Journalist Parwaiz Bukhari, while listing such acts of ‘oppression’, refers to an incident involving protests against power-cuts in June, 2010- “Later, some youth in the same area (Pattan) protested for restoration of electricity supply to their village. While breaking the protest, soldiers of SOG allegedly fired shots at the local electricity supply transformer, puncturing its oil tank to ensure prolonged darkness in the village.” Assuming this to be true, it is worth noting that the possibility of the SOG having damaged the transformer accidentally is not even considered. But that is a part of the larger problem of perception. The basic point is that electricity shortage in Kashmir was becoming, especially in recent months, so serious an issue that it would have been considered ‘reportable’ if it happened in any other part of the Country. In mid-December itself there were protests in several parts of the valley (Example 1, Example 2)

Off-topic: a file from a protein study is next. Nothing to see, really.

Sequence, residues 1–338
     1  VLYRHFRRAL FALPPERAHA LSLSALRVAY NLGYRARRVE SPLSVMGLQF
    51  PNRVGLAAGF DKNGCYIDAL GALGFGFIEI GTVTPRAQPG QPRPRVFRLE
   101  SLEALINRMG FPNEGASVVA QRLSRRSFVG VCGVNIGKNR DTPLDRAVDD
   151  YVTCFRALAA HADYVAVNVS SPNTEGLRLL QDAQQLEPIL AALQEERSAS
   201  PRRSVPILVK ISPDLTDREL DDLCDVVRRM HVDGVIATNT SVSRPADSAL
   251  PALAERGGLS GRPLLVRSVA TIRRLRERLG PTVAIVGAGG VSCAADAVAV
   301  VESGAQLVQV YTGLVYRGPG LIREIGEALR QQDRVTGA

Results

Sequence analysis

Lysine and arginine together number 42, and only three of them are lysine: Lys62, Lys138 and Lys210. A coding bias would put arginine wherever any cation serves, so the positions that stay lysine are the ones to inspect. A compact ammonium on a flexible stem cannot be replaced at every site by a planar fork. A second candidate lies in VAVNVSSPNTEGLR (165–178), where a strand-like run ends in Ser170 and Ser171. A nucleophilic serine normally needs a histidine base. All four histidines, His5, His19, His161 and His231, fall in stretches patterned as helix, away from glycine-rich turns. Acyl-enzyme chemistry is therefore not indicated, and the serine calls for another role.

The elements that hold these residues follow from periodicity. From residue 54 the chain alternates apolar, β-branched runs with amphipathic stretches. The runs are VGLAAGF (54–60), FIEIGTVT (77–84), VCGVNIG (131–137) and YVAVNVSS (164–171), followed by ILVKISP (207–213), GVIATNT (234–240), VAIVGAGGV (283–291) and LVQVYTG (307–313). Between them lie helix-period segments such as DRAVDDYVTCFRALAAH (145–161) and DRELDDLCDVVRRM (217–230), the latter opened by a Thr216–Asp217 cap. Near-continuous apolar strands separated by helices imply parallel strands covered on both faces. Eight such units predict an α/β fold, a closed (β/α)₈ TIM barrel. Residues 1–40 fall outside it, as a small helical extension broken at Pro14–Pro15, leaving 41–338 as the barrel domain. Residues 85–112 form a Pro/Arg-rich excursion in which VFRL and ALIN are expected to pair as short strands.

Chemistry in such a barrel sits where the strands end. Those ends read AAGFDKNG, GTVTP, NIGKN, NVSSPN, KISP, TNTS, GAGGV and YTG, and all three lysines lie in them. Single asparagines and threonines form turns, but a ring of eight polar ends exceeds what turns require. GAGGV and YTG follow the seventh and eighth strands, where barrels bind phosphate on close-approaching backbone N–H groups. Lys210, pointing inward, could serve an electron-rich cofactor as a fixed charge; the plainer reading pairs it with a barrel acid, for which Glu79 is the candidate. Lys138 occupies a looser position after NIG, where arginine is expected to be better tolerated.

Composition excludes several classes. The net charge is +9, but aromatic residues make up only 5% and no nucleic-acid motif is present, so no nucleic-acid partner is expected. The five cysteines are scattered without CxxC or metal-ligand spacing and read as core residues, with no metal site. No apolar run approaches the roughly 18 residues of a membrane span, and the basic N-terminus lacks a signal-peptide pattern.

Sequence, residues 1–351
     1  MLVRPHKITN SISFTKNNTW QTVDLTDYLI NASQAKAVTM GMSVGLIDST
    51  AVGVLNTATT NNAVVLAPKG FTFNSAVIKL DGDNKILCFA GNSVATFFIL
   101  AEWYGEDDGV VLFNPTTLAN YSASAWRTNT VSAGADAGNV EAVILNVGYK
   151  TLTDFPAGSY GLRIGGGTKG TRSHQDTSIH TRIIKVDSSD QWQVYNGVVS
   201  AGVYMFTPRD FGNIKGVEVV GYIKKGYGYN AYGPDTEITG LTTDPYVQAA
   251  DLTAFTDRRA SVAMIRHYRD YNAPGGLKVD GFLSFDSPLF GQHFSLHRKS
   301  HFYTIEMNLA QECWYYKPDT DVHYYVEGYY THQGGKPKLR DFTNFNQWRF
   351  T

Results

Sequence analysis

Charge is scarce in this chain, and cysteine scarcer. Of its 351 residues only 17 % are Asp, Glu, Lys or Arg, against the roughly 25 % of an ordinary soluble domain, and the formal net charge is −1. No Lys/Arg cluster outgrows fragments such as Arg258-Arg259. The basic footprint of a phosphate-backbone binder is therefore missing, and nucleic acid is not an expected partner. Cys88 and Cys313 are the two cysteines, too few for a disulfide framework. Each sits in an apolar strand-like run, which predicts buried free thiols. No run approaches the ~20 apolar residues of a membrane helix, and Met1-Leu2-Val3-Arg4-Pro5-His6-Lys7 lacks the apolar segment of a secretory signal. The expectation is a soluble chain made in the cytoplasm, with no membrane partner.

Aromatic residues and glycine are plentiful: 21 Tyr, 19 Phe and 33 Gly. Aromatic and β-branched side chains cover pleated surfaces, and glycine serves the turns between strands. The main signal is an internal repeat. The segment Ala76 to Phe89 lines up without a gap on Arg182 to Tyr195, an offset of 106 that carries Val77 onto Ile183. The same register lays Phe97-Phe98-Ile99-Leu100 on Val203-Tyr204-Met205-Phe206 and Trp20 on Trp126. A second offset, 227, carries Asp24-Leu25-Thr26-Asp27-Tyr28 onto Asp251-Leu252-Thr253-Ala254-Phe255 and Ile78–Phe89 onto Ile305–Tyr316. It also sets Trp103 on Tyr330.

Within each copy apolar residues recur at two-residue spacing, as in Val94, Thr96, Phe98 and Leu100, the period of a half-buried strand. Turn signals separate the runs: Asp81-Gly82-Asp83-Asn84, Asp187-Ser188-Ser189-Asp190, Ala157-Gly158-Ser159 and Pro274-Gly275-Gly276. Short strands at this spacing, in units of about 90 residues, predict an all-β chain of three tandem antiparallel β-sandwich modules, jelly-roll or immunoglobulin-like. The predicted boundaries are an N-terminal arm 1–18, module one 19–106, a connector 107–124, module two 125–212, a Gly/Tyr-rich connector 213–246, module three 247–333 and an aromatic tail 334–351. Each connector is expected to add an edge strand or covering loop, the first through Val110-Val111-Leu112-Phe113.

The protests took a particularly violent turn when the state-run Power Development Department (PDD) announced a burdensome electricity-curtailment schedule that would have lead to equally vociferous protests in any other part of the Country, on December 24th. The essentiality of electricity for the Kashmir has to be understood in the context of the severe winter it faces in this time of the year. Even before Monday’s incident in Boniyar the whole valley erupted in violent protests on the issue. This provided the perfect excuse for Separatists, who are quite used to fishing in troubled waters, to step in.